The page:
Judging by the range of photos offered on online auction sites today, it can be concluded that the erotic stereoviews of Jean Agélou are rarer than his postcards. The stereoviews were apparently printed in smaller editions. Agélou produced in 1906 paper card and glass stereoviews in the 9 x 16 cm format under the brand name Stéréo-Nu. They were sold individually, or in series of 12 or 25. They also appeared in the magazine Le Stéréo-Nu.
Later, Agélou published at least 42 numbered series of paper card stereoviews with the initials JA, but there were probably many more. Not all series were numbered, and there are examples of series with different models that share the same number, but which were certainly not sold as one set. The cards were available in the 8.5 x 17 cm and 9 x 15 cm formats, and were black-and-white or sepia toned. Most stereoviews had a semi-glossy surface, but some had a glossy surface. Like his postcards, the stereoviews were probably sold in series of five or 10. Some images from a session were published as postcards and as paper card stereoviews, indicating that Agélou worked with a conventional camera and a stereo camera during the same session.
On Agélou’s photos that were published in the magazine L’Étude Académique, the models were usually completely naked and assumed classic poses. Some of these models also appeared in Agélou’s own published series, in which case they often posed semi-nude in lingerie. These photos are more subtle and sensual and the models looked relaxed and seemed at ease with the photographer.
Classification of Agélou stereoviews
Agélou published paper card stereoviews in the formats 8.5 x 17 cm and 9 x 15 cm, with different variations in presentation style. The stereoviews that were undoubtedly published by Agélou contain the initials JA and a serial number, preceded by “SERIE”. Initials and serial number are usually placed one below the other and are visible at the bottom on the right or left image of the stereo pair. In some cases, the initials and serial number are shown separately. The captions are written in white on a dark background or in black on a light background. Some stereoviews do not have initials and a serial number, but these views can sometimes be traced back to Agélou based on the presentation style or the visible interior features of the studio.
A photo shoot with a model could result in the publication of both 8.5 x 17 cm and 9 x 15 cm stereoviews. In this case, both series share the same serial number. This can be useful to identify a missing serial number if the number is present on a stereoview that features the same model, but is published in a different format. There is also a known example where the same serial number is used for two different series with two different models. It is unknown whether this was a mistake or whether one series features two different models.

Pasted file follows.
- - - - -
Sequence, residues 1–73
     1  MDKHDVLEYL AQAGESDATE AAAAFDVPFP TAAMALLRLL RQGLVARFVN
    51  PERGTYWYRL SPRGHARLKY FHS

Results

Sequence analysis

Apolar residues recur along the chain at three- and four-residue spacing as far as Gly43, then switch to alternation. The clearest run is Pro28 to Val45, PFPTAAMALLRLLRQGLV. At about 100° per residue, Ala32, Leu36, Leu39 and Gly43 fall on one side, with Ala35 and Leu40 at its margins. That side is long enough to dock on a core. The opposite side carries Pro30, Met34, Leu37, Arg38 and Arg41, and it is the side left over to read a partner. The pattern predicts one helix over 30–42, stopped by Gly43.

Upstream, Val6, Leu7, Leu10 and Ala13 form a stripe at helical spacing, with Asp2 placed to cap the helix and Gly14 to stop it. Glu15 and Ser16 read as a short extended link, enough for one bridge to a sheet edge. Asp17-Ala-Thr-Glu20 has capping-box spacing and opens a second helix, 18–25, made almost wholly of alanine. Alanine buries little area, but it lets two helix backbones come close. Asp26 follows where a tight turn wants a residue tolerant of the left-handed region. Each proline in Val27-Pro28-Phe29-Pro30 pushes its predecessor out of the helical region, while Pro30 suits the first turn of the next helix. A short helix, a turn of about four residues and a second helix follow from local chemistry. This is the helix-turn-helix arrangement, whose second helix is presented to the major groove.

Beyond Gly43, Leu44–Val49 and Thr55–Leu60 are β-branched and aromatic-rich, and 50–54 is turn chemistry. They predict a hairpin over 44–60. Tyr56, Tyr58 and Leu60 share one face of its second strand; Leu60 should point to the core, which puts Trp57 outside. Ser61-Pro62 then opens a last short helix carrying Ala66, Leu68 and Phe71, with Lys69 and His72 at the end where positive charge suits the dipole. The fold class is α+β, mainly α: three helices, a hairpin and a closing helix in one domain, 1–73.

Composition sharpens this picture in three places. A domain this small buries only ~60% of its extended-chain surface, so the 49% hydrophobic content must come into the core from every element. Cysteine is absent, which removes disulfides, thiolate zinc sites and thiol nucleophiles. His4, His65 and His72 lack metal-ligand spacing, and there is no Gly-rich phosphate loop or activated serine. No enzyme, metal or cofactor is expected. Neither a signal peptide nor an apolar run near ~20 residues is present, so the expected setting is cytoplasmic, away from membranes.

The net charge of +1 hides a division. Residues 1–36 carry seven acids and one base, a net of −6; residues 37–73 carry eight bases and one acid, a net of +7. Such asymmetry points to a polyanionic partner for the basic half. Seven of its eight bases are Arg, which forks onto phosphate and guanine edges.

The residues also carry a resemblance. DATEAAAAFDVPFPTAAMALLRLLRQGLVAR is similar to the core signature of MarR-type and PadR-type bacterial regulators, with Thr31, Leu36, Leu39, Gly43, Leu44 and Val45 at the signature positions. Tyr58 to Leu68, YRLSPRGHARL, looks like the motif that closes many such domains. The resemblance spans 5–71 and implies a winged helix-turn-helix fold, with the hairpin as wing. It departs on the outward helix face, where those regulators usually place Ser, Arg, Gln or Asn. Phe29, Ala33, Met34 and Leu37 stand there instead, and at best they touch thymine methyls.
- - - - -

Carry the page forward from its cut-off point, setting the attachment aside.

Classifying the stereoviews based on their presentation style can help to recognise stereoviews with missing (or unreadable) initials and serial numbers as the work of Agélou.
|8.5 x 17 cm
|c. 6.5 x 7.5 cm
|Mainly grayscale. Images with a brown/sepia tone exist but are rare.
Type I-A stereoviews have square-sized c. 6.5 x 6.5 cm images instead of the rectangular-sized c. 6.5 x 7.5 cm images of Type I.
The Type II stereoviews have a distinctive appearance. The images of the stereo pair have soft borders.
|8.5 x 17 cm
|c. 6.5 x 7.5 cm with soft borders
|9 x 15 cm
|c. 7 x 8 cm
|Sepia/brown. Grayscale images might exist, but have not yet been found.
The Type III-A cards have a distinctive glossy surface. The glossy paper might have been used only to a limited extent in series with a low number.
Jean Agélou (1878–1921) was a French photographer and publisher of erotic postcards and stereoviews during La Belle Époque. Little is known about his life, and no letters or portraits are known of him. The first nude photos that can be attributed with certainty to him were published in the magazine L’Étude Académique in 1905. The photos that can be linked with certainty to the photographer bear the initials or marks JA, GP, Léo and Lydia. From 1913, postcards were also published with the initials GA, which referred to Jean’s younger brother Georges Agélou (1882–1921) who joined his brother’s publishing company. Jean’s photographs are of a high technical and artistic quality. The decorations and romantic backgrounds create an intimate atmosphere and can today be classified as boudoir photography. Jean and Georges died together in a car accident in Autry-le-Châtel on 2 August 1921.